The British and Irish premiers will travel to Northern Ireland today to formally announce details of the deal to save the region's power-sharing government.
Nearly two weeks of round-the-clock negotiations ended in success late last night when Democratic Unionist Party (DUP) members of the Stormont Assembly agreed to back the deal brokered with Sinn Fein.
The settlement will see the devolution of policing and justice powers from Westminster to the Assembly within weeks, satisfying a key republican goal, while new arrangements for overseeing loyal order parades will meet the demands of unionists.
The talks which centred on Hillsborough Castle, Co Down, are the longest set of continuous negotiations held in the near 20-year peace process.
Prime Minister Gordon Brown and taoiseach Brian Cowen will return to the venue today to meet all of Northern Ireland's main political parties before unveiling the terms of the accord.
With Sinn Fein accusing the DUP of stalling on the transfer of policing powers for the last three years, it was feared that failure to find agreement could see the collapse of the power-sharing government led by the two parties.
The final piece in the political jigsaw that sealed agreement came at Stormont's Parliament Building last night as the clock in its Great Hall approached midnight. It followed Sinn Fein's announcement earlier that negotiations on policing, justice and parades had ended and republicans believed the basis for an agreement existed.
DUP leader Peter Robinson emerged from a late-night meeting of party colleagues to confirm that he had secured unanimous support for the proposals.
Flanked by DUP enterprise minister Arlene Foster and finance minister Sammy Wilson, Mr Robinson said all members of his party were behind the blueprint for agreement.
Emerging from the two-hour meeting, he said: "The assembly group asked questions and considered the matter and have unanimously supported the way forward.
"Everyone present believes this is consistent with our election manifesto and pledges that we have made to the people.
"We look forward to going to Hillsborough when the document should be published."
The DUP Assembly group met for their late-night talks at Stormont amid fears that some may have rejected the deal after an earlier meeting this week where a significant number dismissed proposals for an agreement.
Mr Robinson said he would now look to gain the support of the community and of the smaller Assembly parties for the deal.
The DUP leader said: "We have a basis upon which we can go forward and recommend it (the deal) to our party, to the other parties in Northern Ireland and to the community.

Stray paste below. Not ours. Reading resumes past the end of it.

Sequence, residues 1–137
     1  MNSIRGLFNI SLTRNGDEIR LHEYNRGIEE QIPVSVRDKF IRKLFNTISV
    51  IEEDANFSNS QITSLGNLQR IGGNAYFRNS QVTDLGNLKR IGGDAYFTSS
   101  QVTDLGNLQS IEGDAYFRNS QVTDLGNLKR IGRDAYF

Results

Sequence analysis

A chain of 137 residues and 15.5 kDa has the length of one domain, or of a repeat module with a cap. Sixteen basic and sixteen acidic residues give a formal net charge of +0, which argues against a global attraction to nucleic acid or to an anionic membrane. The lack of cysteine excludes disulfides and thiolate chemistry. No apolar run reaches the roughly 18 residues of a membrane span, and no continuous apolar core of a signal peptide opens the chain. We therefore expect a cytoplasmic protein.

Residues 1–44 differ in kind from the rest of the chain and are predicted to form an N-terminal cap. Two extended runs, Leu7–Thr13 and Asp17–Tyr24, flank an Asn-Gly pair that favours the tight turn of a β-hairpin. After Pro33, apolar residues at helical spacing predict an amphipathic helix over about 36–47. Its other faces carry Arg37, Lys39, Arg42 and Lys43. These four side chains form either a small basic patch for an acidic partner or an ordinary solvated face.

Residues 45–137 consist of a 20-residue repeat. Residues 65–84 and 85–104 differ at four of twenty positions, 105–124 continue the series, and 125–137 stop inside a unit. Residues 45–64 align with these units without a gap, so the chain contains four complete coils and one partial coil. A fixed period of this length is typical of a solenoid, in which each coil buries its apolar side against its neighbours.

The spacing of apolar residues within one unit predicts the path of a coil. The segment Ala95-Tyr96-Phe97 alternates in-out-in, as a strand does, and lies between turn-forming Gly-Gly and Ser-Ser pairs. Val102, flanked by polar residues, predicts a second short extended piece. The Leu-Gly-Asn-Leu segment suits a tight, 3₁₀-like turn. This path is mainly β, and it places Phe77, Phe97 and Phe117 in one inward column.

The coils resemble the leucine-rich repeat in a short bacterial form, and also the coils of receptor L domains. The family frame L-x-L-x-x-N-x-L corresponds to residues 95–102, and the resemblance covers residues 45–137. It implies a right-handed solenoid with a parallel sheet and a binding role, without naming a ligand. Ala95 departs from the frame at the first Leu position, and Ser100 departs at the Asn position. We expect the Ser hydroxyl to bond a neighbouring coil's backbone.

"An essential element of the Democratic Unionist Party's manifesto is the requirement for community confidence, we believe this can be the basis for gaining that confidence."
The DUP's executive is expected to ratify the decision made by its Assembly members later this morning.
Sinn Fein welcomed confirmation of the DUP decision.
The party's president Gerry Adams said: "I welcome the DUP's decision. We have been involved in what has been a lengthy stretch of negotiations.
"I commend the Sinn Fein negotiating team. I believe that the Assembly and political institutions can now proceed on the basis of equality, fairness and partnership. They also have to deliver for all citizens, that is the collective responsibility of all the political parties."
The announcement of a deal came a day after Mr Robinson stepped back into the First Minister's office.
On Wednesday night he announced he was resuming his full responsibilities as Northern Ireland's First Minister.
A series of probes are under way after it emerged last month that his wife Iris, former MP for Strangford, secured £50,000 from two property developers to start a business for her teenage lover.
Mr Robinson, said to have known of the financial deal, revealed the first of those reviews, a legal opinion compiled by a senior lawyer, found he had not breached any code of office.
Alliance Leader David Ford, tipped to be a compromise candidate outside unionist and republican ranks likely to become the future Justice Minister after devolution, welcomed the DUP decision.
He said: "I strongly welcome the fact that the justice deal has been unanimously backed by the DUP Assembly team.
"This is what the people of Northern Ireland have waited so long to hear and it means that the Executive can get back to the real work of providing quality services and strengthening our economy.
"We my face a few challenges in the coming months as regards the justice devolution process, but I am very hopeful that this will signal a new, more positive era for Northern Ireland."
But leader of the hardline Traditional Unionist Voice, Jim Allister, who is an arch critic of the DUP, asked why party members who rejected proposals at the start of the week, had now come on board with the plan.
He said the deal secured a key policy goal for republicans, who want to see as many powers as possible transferred away from London and towards Belfast.
"The deal the DUP so meekly accepted is the same deal they rejected on Monday," he said.
"The deal hasn't changed, only the snowmen of the DUP, who melted once the heat came on."